Another practice during Sukkot involves four plants, which are commonly known as the "Lulav and Etrog". We are commanded (Leviticus 23:40) to take these four plants and use them to "rejoice before Hashem." The four species in question are an "Etrog" (a citron - a citrus fruit similar to a lemon, native to Israel), a "Lulav" (palm branch), two "Aravot" (willow branches) and three "Hadassim" (myrtle branches). On the first day of Sukkot, the six branches are bound together and held in the right hand and are nicknamed collectively, "the Lulav", while the seventh component, ("the Etrog") is held separately in the left hand with the stem facing toward the heavens. After reciting a blessing, the left hand brings the etrog, turning the stem earthward, together with the right hand’s lulav. With these four species joined together, one rejoices by "waving" the species (a custom derived from Leviticus 23:9-11) in all six directions (east, south, west, north, up and down), symbolizing the fact that G-d is sovereign over all creation. For the remaining days of Sukkot, the blessing is said while holding the lulav and before picking up the etrog.
The four species are also held and waved during the special "Hallel" (Praise) prayer in religious services, and are held during processions around the "Bimah" (the pedestal where the Torah is read) each day during the holiday. These processions commemorate similar processions around the altar of the ancient Temple in Jerusalem. This part of the service is known as "Hoshanot" (salvations), because while the procession is made, we recite a prayer with the refrain, "Hoshiah Nah!" (please save us!). On the seventh day of Sukkot, known as "Hoshanah Rabbah" (the Great Salvation), seven circuits are made.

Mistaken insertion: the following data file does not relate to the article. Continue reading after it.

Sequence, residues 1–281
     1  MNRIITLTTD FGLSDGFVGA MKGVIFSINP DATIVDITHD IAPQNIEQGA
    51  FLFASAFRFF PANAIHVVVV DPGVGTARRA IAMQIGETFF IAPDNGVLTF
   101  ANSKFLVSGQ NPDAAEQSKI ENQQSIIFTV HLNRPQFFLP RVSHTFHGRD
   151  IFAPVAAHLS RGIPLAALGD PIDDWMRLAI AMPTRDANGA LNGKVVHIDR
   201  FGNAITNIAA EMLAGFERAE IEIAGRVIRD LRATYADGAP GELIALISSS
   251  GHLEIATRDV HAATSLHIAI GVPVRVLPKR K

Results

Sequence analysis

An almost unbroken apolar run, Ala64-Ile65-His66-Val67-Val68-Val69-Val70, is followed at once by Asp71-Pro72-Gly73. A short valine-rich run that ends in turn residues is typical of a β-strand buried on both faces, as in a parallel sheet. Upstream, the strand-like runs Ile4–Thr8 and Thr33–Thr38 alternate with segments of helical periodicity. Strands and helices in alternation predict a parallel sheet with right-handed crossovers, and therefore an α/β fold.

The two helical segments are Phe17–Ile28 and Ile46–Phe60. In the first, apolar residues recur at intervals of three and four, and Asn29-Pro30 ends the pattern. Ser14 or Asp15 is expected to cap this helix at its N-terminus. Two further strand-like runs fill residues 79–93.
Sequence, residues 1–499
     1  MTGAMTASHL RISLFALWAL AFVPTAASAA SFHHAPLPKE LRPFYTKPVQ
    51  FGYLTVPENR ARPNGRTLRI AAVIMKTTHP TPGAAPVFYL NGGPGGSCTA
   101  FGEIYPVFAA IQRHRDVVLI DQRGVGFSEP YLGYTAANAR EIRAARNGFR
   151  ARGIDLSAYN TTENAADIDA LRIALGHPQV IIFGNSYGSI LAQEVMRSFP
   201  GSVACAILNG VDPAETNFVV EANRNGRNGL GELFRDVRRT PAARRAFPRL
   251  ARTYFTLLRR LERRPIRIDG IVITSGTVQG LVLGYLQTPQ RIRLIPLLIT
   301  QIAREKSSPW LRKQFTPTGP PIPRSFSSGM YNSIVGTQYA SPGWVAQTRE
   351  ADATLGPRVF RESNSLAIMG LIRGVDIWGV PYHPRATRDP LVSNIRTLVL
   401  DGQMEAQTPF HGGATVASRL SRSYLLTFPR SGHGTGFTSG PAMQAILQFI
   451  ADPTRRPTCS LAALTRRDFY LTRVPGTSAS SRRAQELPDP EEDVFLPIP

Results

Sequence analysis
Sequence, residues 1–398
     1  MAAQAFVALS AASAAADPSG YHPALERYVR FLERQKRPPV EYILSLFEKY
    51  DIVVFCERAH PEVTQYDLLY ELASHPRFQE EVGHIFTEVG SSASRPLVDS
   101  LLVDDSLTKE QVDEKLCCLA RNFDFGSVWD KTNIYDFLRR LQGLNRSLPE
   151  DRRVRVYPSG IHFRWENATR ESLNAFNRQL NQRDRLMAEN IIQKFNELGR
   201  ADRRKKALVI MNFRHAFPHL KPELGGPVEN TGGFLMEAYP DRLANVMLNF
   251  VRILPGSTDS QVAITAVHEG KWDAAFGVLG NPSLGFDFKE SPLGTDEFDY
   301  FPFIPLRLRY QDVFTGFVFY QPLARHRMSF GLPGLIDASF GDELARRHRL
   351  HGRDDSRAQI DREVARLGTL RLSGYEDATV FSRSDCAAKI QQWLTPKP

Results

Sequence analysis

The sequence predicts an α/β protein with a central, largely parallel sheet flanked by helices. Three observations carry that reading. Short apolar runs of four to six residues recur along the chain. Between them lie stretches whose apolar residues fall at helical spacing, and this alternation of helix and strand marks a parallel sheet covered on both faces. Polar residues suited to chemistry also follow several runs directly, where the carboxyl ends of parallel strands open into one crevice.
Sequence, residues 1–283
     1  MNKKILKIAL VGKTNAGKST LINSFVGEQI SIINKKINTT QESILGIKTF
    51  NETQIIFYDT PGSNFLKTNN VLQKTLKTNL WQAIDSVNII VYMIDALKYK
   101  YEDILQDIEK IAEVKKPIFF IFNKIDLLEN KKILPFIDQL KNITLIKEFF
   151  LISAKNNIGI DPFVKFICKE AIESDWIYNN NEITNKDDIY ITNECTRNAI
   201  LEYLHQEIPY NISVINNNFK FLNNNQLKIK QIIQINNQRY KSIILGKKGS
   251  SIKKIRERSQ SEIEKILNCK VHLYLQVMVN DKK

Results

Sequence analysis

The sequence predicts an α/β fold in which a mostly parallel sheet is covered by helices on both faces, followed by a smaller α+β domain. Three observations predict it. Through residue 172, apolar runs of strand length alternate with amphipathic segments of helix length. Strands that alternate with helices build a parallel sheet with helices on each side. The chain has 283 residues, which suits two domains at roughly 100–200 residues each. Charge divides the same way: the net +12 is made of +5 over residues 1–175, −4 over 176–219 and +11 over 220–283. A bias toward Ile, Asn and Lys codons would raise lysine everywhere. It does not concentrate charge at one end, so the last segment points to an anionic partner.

The Future: The Nations Dwelling in Sukkot
Prophetically, the season of Sukkot is associated with the Messianic Kingdom, the time of resurrection (Isaiah 26:19, Ezekiel 37:1-14) and of global homage to G-d, when all the nations will be required to go up to Jerusalem to keep the festival of Sukkot, under penalty of rain being withheld from them (Zechariah 14:16-17). At that time, G-d will come to us like the rain (Hosea 6:3), and will "tabernacle" among His people again (Leviticus 26:6, Ezekiel 37:27).
"… For the earth will be brimming full with the knowledge of the glory of Hashem in the same way that the waters cover the sea…"
“We shake the lulav to show our yearning for the messianic age and to remind G-d of His promise. This is one of the reasons why Sukkot is called in rabbinical literature “ha-chag”, (the festival), because it not only reminds us of our history, when little ramshackle huts protected our ancestors from the buffeting of the elements, but it foreshadows our future, when all mankind will sit in unity in G-d’s universal sukkah and call upon the One Eternal G-d, and every part of the universe will acclaim the grandeur and power of its King.”
"...Rabbah in the name of R. Johanan further stated: 'The Holy One, blessed be He, will in time to come make a sukkah for the righteous from the skin of Leviathan (the great serpent); for it is said: "Canst thou fill sukkot with his skin" (Job 40:31)'..."